The young man with the automatic weapon stated more than asked, “Do you consent to a full inspection of the vehicle and all of its compartments?” Sounded okay to us as two security personnel poked their way through our camping gear in the bed of the truck. If you spent a large portion of your working life passing through security gates on military installations, this was nothing new. In fact, it felt kind of good watching the senior NCO (non commissioned officer) train an obvious newbie on how to do a vehicle search. We helped out with endless details of a 5th wheel hitch and of the downtown concert at the zoo, and of our adventures this past month, and …. Bet they pick someone else next time!
In ten minutes, having chatted about the benefits of the retired RV life with the NCO who still had 11 years to go until retirement, we rolled through the imposing gates to our temporary home on Holloman AFB in Alamogordo, New Mexico.
Military Fam Camps are a wonderful resource for retired and active duty folks. The one on Holloman is still being run First Come – First Serve and after a quick call to the camp host we were confident that they had room for us. Calling an audible, we bailed on a no-electric site 30 miles outside of town at Oliver Lee State Park and dashed in before someone else snagged our spot. Adjacent to White Sands National Park, Holloman AFB is near the Army’s massive White Sands missile test ranges, and flies some F-16s, and probably does other cool stuff that we don’t know about. All we do know is that two sonic booms shook the windows at Fam Camp. Cool!
Our plan is to home base at Fam Camp while re-provisioning Roxie, washing off the road dirt and repairing broken stuff. We’ll stay through next weekend when we have awesome access to the Air Force Thunderbirds flight demonstration team for the Holloman Air Show. In the meantime, the national park five miles in one direction, and the all-American small town of Alamogordo, NM is five miles in the other direction. We love it when serendipity brings a plan together.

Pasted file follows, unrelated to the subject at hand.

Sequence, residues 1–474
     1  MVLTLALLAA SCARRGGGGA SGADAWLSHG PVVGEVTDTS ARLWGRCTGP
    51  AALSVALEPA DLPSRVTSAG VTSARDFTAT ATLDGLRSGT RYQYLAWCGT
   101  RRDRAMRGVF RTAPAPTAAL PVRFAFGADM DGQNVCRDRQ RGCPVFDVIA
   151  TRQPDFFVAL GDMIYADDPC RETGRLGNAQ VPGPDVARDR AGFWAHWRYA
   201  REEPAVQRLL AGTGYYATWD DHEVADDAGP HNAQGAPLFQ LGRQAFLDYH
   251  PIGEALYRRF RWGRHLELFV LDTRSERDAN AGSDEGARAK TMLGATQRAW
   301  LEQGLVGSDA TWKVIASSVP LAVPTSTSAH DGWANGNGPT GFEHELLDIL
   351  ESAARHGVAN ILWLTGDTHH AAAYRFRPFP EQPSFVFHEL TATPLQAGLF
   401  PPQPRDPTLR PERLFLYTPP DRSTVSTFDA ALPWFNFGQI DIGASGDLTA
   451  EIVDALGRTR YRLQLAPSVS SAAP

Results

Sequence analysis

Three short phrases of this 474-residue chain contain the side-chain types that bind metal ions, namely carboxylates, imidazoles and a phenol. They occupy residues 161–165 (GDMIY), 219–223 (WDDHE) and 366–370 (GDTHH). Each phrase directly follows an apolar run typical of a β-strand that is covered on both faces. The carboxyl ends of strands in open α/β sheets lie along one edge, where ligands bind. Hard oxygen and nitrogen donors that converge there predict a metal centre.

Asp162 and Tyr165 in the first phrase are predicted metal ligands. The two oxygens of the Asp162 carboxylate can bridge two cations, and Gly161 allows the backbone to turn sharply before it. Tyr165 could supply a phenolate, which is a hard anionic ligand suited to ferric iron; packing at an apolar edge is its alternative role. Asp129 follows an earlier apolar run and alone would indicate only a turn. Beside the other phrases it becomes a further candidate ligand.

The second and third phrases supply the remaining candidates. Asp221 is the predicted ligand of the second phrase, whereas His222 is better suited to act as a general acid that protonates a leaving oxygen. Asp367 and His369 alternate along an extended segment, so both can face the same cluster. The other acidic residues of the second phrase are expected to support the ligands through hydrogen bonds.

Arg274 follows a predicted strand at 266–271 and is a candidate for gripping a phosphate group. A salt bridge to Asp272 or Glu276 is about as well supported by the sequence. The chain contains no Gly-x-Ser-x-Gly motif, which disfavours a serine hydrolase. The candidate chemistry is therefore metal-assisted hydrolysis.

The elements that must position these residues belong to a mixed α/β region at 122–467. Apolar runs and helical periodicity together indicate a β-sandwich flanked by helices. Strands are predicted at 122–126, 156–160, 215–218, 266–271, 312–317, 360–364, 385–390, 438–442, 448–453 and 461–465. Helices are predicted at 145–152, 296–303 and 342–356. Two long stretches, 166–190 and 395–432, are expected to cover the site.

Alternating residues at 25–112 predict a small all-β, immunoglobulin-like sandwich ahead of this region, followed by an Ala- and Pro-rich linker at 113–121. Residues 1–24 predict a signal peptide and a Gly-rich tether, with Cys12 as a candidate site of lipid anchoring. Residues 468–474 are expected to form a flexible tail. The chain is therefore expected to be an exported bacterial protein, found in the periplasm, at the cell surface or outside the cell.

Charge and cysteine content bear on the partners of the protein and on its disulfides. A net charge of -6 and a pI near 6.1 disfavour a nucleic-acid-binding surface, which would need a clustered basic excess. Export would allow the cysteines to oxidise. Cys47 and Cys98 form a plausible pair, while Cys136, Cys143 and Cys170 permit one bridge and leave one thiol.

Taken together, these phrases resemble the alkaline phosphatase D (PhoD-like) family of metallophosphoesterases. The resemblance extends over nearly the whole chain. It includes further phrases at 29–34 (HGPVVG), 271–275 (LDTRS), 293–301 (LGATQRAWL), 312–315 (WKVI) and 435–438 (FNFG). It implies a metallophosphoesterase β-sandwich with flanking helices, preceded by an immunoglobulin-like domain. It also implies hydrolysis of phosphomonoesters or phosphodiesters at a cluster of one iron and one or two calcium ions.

Rough West Texas roads shredded Eric’s Como tires. Fortunately, Alamogordo has exactly one bike shop with the supplies needed to make repairs. Hitting a two-fer, Sheri picked up some local morning blend at White Sands Coffee Roasters next door. About the same size as Carlsbad, Alamogordo sits in the foothills of the beautiful Sacramento Mountains to the east, which provide a get-away to cool temps in the summer and skiing in the winter. For being in the middle of nowhere, it looks like there are lot of things to do.
The U.S. Government missile test ranges to the west anchor the local economy giving the area a secure, small-town feel. As if proving the point, we joined the locals downtown for an open-air concert at the city’s Alameda Park Zoo. Multi-generational families listened to the Rosewater Blues band cover hits from the 80s, 90s, and today while the kids noshed on funnel cakes and fries from the food trucks.
Our reconnoiter of the area would not be complete without a stop at the area’s most famous absurd attraction, the World’s Largest Pistachio. What is a road trip without roadside attractions? We laughed at the tourists boarding the tram for a drive through the fields, and the store serving up pistachio ice cream which was actually just Blue Bell Ice Cream served on a pistachio farm at tourist prices. We didn’t let the blatant commercialism stop us from sampling the flavored nuts inside the store. The giant statue may be kitschy, but the local farm grown pistachios were fantastico!
Many residents of the Fam Camp are what we call “long-termers.” They stay in the Fam Camp for the maximum allowable stay of 6 months. It would be easy to do. Life in small-town Alamogordo living on the amenity-rich Air Force Base would be sooo easy. We will have to be satisfied with our ten day stint as we catch our breath then head back out into the wilderness.